|It is always mystifying to
me how so many people dismiss a book not having read it
|It would be perfectly normal for anyone studying art history to accept the fact that from the earliest of days it was the artists who made the scientific discoveries and inventions that produced artistic outcomes relating to crafts, painting, sculpture and even architecture.
Even the pre-artist craftsmen, who devised jewellery and cast weaponry, were knowledgeable chemists and geologists. Later artists were involved in all fields of scientific research and invention, including the eventual involvement with chemistry, medicine, anatomy, biology, mechanics and all kinds of technology. Only in late nineteenth century did artists relinquish their scientific involvement to so-called scientists, because the business of mass-produced art supplies fulfilled their needs.
But just because most current artists maintain little interest in science, there are humans in various walks of life who consider that acquisition of knowledge is part of their life, irrespective of their other endeavours in life. This means that those involved with science are not exclusively gifted or knowledgeable to make scientific discoveries and become instrumental in formulating principles that provide explanations of all physical existence.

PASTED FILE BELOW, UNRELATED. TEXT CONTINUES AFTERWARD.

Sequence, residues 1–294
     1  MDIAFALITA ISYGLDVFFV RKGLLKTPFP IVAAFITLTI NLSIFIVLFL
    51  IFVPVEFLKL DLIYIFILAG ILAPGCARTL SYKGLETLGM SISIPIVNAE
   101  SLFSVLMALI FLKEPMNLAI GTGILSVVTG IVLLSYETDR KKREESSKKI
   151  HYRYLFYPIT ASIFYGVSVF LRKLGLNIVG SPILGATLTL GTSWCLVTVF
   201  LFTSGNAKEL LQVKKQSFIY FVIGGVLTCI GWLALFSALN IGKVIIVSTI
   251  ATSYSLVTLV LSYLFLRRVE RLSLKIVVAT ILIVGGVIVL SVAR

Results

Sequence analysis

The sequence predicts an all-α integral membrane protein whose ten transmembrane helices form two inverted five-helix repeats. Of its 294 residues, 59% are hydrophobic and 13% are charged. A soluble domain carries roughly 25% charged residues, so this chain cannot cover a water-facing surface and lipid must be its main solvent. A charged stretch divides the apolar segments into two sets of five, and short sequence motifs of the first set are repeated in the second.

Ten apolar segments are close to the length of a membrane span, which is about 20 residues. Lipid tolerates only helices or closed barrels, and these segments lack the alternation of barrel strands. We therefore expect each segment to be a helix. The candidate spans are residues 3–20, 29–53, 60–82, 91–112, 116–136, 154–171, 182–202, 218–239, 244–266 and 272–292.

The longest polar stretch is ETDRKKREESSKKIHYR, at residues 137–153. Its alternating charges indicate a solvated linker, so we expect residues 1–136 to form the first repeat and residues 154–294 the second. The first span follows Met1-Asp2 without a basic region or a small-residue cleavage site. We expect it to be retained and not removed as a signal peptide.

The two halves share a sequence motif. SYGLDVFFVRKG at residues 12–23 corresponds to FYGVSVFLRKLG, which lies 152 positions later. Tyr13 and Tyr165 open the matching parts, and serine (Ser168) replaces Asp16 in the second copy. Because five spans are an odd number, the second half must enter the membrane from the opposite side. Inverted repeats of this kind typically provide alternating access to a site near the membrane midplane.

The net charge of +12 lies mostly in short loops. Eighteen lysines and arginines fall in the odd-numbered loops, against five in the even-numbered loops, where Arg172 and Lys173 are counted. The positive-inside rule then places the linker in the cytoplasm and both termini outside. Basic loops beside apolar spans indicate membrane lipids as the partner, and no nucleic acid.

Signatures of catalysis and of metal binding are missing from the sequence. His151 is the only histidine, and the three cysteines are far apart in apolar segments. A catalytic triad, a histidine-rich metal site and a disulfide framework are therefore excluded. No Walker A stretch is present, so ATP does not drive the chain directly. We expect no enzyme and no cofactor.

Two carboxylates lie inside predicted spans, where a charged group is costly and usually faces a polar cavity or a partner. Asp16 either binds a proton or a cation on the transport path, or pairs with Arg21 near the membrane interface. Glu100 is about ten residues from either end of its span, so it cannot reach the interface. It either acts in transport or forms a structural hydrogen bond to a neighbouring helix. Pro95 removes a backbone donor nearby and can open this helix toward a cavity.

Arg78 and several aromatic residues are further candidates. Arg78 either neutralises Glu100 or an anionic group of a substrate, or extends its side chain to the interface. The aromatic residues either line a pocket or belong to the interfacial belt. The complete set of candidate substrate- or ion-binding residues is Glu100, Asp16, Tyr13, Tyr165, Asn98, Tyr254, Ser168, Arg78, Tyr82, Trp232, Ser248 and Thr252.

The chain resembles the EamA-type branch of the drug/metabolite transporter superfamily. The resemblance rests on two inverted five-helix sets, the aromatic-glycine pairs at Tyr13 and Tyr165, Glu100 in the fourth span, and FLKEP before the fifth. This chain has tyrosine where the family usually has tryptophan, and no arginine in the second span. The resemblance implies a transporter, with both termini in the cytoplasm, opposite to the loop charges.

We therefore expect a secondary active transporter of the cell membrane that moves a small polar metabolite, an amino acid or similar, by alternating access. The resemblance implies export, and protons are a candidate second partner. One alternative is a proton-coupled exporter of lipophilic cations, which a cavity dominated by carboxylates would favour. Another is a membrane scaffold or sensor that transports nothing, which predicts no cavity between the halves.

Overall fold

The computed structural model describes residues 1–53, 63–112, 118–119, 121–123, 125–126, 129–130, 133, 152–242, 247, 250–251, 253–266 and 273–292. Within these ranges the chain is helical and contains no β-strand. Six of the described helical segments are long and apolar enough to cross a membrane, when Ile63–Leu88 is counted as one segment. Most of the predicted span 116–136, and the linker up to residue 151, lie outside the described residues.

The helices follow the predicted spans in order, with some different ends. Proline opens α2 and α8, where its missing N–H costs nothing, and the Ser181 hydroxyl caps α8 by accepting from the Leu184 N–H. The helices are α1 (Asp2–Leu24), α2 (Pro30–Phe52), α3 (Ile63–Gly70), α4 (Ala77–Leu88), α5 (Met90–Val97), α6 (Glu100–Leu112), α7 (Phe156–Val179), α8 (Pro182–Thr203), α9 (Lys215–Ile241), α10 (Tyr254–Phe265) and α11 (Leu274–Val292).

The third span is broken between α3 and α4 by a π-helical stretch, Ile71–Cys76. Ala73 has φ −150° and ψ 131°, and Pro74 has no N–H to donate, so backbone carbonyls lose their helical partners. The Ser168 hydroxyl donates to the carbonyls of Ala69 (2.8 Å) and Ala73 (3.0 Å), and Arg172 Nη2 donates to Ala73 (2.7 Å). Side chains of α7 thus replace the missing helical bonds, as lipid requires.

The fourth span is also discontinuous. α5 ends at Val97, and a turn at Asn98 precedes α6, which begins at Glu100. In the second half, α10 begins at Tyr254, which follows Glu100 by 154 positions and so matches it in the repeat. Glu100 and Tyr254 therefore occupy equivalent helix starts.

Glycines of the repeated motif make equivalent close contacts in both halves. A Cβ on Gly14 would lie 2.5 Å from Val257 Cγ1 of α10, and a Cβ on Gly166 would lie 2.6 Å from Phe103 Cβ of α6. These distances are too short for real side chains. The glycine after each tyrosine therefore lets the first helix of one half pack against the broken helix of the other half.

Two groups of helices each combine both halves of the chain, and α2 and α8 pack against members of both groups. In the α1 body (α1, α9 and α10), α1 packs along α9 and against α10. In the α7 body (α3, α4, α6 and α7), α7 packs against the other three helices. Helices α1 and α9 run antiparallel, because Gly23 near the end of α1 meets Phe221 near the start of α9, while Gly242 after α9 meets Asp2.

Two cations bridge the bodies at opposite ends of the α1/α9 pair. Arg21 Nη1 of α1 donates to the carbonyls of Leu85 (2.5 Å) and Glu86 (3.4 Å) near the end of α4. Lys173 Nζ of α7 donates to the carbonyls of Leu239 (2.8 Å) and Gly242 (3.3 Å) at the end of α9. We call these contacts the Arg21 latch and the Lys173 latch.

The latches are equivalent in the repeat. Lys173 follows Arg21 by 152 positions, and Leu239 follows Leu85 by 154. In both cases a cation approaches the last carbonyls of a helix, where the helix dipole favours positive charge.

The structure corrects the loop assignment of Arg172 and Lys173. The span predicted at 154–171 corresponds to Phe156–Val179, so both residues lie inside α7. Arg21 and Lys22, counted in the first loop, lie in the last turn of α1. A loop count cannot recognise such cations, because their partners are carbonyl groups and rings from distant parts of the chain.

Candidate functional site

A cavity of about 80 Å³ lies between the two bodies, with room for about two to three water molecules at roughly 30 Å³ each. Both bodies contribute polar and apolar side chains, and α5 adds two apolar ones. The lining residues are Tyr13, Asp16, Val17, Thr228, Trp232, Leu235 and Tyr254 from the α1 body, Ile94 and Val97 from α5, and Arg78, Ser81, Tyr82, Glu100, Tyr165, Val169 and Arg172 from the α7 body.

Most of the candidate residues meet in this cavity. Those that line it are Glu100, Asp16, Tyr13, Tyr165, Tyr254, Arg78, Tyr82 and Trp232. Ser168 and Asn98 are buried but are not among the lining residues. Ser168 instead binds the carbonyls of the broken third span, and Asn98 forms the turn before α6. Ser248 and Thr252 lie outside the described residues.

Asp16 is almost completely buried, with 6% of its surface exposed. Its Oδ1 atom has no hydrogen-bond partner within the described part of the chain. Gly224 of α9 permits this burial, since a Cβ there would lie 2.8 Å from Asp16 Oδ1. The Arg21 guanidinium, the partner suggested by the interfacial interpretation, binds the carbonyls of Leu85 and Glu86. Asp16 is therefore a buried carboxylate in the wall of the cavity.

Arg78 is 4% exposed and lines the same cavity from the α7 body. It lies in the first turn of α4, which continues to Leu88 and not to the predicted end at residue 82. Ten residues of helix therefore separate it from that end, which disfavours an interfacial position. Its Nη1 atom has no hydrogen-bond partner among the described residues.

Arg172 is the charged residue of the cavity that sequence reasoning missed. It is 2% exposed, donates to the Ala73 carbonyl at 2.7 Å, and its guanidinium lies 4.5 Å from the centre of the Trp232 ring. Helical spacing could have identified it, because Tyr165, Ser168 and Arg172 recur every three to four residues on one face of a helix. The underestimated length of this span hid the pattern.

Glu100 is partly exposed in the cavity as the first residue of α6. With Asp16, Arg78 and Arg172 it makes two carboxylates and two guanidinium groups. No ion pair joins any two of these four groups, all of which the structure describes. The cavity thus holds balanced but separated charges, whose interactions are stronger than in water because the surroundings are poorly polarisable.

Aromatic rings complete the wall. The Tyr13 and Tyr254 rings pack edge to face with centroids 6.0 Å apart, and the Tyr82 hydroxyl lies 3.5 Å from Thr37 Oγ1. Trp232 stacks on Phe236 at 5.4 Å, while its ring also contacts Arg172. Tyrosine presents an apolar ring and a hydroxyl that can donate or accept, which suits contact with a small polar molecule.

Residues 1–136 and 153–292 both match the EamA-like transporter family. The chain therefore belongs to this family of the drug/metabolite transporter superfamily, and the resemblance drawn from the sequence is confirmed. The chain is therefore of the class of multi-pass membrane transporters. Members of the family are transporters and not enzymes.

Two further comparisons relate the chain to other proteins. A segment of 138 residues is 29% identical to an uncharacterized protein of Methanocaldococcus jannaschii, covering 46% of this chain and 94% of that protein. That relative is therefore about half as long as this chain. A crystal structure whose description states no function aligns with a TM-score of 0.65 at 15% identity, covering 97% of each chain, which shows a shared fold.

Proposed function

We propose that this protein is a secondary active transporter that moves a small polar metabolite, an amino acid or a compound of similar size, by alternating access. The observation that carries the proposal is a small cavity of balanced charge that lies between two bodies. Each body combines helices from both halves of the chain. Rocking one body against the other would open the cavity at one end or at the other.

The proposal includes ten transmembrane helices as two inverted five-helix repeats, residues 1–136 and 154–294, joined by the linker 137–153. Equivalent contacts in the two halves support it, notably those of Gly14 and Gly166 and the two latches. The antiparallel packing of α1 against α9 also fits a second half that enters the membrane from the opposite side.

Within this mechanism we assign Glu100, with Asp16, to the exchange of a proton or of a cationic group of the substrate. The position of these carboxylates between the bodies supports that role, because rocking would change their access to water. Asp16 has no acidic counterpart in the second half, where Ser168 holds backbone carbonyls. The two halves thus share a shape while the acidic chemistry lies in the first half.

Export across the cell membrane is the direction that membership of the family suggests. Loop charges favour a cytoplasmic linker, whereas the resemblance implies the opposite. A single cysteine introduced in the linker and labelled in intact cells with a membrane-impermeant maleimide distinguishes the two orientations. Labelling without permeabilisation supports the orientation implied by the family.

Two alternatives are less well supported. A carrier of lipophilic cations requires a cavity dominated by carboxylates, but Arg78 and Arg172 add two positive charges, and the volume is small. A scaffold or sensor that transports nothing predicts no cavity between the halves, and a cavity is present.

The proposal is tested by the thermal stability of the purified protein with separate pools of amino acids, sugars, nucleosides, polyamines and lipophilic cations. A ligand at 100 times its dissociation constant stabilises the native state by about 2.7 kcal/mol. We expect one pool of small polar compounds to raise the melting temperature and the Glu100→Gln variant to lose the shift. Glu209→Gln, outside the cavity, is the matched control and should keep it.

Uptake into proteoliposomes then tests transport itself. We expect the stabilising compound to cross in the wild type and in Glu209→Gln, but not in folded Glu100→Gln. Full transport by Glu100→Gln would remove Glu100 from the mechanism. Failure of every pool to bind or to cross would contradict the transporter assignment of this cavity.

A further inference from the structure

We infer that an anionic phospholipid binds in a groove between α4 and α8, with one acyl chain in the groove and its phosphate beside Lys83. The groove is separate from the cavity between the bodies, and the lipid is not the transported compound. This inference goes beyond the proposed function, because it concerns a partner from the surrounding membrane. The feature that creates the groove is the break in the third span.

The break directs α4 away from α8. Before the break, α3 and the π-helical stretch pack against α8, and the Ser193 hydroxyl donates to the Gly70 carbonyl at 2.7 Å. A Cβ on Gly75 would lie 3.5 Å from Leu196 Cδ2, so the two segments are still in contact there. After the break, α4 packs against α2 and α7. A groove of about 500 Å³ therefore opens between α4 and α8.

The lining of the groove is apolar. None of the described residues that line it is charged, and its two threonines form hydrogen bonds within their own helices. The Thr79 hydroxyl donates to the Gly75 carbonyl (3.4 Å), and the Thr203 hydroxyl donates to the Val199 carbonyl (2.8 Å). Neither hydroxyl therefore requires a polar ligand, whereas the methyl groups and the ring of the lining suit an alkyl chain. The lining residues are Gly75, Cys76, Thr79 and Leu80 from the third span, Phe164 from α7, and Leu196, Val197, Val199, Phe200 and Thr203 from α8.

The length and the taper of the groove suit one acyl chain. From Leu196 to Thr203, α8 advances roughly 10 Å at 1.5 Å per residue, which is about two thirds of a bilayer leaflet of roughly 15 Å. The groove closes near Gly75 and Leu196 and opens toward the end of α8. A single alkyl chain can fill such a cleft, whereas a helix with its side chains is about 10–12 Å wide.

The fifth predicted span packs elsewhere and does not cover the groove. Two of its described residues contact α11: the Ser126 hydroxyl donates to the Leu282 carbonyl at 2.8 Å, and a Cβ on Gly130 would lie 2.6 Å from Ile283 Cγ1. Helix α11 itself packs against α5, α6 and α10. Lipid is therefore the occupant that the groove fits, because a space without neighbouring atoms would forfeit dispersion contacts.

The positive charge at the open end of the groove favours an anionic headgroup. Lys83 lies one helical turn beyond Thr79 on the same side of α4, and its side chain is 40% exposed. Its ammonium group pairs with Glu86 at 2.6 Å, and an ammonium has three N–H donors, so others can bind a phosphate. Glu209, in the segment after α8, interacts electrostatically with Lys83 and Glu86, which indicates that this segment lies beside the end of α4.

Knowing humanity as I do, I am aware that there will be many of those in science who shall attempt to diminish or dismiss the knowledge presented in Existence: what it is and what we think it is, simply because my attainment of knowledge has been from outside any scientific community. But for those who may presume to cast a lack of credibility on any knowledge presented in Existence: what it is and what we think it is, they would need to prove that information to be wrong: something that would be harder than they think, because it is all based on indisputable physical existence and reality.
As to my personal consideration of life, I would not have complained if it were to be longer. It may not have been perfect, as I have failed to achieve all that I had intended, but for all that it was wonderful.